A revolutionary new research tool designed to predict the ethnic and cultural origins of Europeans based on their name has been launched by Experian.
Mosaic Origins has been developed with the assistance of Professor Richard Webber from University College London, and is designed to help organisations in the public sector understand the cultural, ethnic and linguistic origins of their users, customers and employees.
Mosaic Origins has been developed using pattern recognition techniques to identify the ethnic and cultural origins of almost a million family and first names in use in the European community.
Each name is linked to a part of the world where, based on a probability score, the holder, or the holder’s forebears, are likely to have originated.Mosaic Origins is available as a simple desk-top software application that enables organisations to code, profile and target communications to their customer lists, users or employees.
Working at the person level, Mosaic Origins is a far more detailed and accurate source of information than the Census, the only other comprehensive source of information about Britain’s minority ethnic groups.
It can also be used at a postcode level to identify the communities where particular minority groups have established themselves.“Waves of Jewish and Armenian political refugees have been followed by the arrival of economic migrants from the Caribbean, South Asia and China.
Professor Richard Webber, said, “Looking at Britain we can see that, over the past hundred years, the stock of British personal and family names has become even more diverse.
He continued, “More recently the stock of names has been extended to include significant numbers from Somalia, Sierra Leone, Kosovo, Kurdistan and other regions of the world affected by civil war or political instability and, in the last two years, people from the EU accession states.
“However even in Victorian times, Britain was a multi-cultural amalgam. The Irish, Welsh and Scots and even those from the remote regions of Britain brought their own cultures and practices with them.”Mosaic Origins has many positive applications including:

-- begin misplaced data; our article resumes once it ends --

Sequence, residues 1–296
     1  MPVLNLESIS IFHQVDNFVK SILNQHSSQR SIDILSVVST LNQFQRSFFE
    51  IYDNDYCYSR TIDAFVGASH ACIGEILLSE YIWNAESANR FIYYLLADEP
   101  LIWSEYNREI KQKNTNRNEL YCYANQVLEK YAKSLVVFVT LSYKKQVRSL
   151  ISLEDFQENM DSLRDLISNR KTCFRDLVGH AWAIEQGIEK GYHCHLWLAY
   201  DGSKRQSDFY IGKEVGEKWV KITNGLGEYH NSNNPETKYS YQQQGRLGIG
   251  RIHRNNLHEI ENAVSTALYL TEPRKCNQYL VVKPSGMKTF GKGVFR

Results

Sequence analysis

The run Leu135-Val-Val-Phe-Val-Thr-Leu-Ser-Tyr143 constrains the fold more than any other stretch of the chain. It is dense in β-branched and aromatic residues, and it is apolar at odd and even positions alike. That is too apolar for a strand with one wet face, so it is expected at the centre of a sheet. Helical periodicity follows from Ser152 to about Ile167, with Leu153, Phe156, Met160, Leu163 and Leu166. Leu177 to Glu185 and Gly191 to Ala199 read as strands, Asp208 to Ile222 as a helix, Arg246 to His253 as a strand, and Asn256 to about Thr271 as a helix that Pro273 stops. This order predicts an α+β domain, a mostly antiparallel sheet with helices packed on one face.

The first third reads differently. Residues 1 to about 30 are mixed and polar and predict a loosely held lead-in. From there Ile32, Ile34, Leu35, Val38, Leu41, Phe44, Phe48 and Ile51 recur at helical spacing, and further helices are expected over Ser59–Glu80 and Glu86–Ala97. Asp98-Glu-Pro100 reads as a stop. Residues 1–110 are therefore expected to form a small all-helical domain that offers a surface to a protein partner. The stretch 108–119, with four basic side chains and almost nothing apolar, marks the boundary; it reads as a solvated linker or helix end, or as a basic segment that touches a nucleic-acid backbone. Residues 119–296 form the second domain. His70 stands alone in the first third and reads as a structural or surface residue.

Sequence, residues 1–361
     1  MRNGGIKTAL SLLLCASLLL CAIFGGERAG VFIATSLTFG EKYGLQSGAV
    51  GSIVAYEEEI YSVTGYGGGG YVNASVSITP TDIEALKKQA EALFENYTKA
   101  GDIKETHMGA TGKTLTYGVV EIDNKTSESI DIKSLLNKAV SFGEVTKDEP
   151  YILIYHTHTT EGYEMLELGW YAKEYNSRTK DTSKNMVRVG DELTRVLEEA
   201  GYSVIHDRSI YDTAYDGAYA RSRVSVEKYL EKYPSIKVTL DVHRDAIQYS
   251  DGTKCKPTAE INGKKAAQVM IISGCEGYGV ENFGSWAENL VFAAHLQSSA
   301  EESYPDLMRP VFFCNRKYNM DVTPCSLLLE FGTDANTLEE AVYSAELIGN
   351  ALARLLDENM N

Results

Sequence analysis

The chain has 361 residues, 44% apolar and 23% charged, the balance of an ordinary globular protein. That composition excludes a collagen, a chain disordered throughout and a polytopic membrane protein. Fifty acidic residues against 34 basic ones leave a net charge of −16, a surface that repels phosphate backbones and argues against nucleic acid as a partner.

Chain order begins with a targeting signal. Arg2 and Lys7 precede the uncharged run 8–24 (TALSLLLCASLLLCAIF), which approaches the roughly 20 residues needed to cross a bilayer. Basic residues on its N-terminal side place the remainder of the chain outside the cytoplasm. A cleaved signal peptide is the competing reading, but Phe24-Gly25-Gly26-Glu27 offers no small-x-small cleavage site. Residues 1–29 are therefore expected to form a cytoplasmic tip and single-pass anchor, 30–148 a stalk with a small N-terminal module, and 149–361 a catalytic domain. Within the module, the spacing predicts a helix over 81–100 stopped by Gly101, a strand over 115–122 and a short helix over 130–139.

Diversity and Equal Opportunities
In order to comply with the requirements of equal opportunities legislation many organisations require their employees to fill in a form stating their ethnic origin.
This allows the organisation to identify the extent to which its recruitment practices result in an employee payroll which broadly reflects the profile of the national population, and hence the fairness of its recruitment practices.
The information can also provide important evidence of the extent to which minorities may be discriminated against in terms of career advancement.
This can be done by comparing the profile of employees at higher (or lower) levels in the organisation with the organisation’s overall profile.Health Promotion
Minorities vary very greatly in terms of their health risks. South Asians for example are particularly susceptible to diabetes, Black Caribbeans to sickle cell anaemia.Including information on the ethnicity of individual patients on the registers of general practices is very helpful both in identifying practices with high proportions of patients at risk of specific illnesses (and through whom generic campaigns can be targeted) and for identifying individual patients for whom particular screening campaigns are particularly appropriate.
Government data setsGovernment policy and local performance indicators rely increasingly on the creation and updating of administrative datasets, many of which already require self reported information about ethnicity.
Datasets that are already coded by ethnicity include the Pupil Level Annual School Census (PLASC), the Hospital Episode Statistics (HES), the UCAS University Admissions database. Databases of this sort are typically used to create statistics showing the relationship between ethnicity and service outcomes.Market research
In order to minimise non response most questionnaire based research surveys do not include ethnicity questions, even though they do include age, gender and income. The coding of these surveys by ethnicity is of considerable value to understanding the consumption patterns, attitudes and preferences of ethnic minority groups.
An ESRC project run by Kings College London has found that the coding of the electoral register by origins has also considerably improved the efficiency with which it was able to select research samples for surveys of attitudes among minority groups as well as making the research samples more representative of these communities.
Whilst commercial organisations have a responsibility not to use ethnicity data to disadvantage minority groups it is self evident that there are a number of products, relevant to minority groups, that could be more efficiently promoted were the identity of customers better known.
Examples of these are savings products which meet the strict requirements of Muslim religious law, TV channels meeting the needs of specific language groups and certain supermarket products which meet the specific dietary requirements of particular religious groups.
The use of Mosaic Origins is tightly controlled under licence by Experian and all applications will be assessed and vetted before any licences are granted.Whilst we recognise the many positive applications for Mosaic Origins in both the public and private sector, strict protocols exist controlling its use to ensure no contravention of legislation occurs and particularly that it not used by organisations to discriminate against any ethnic or racial minorities.
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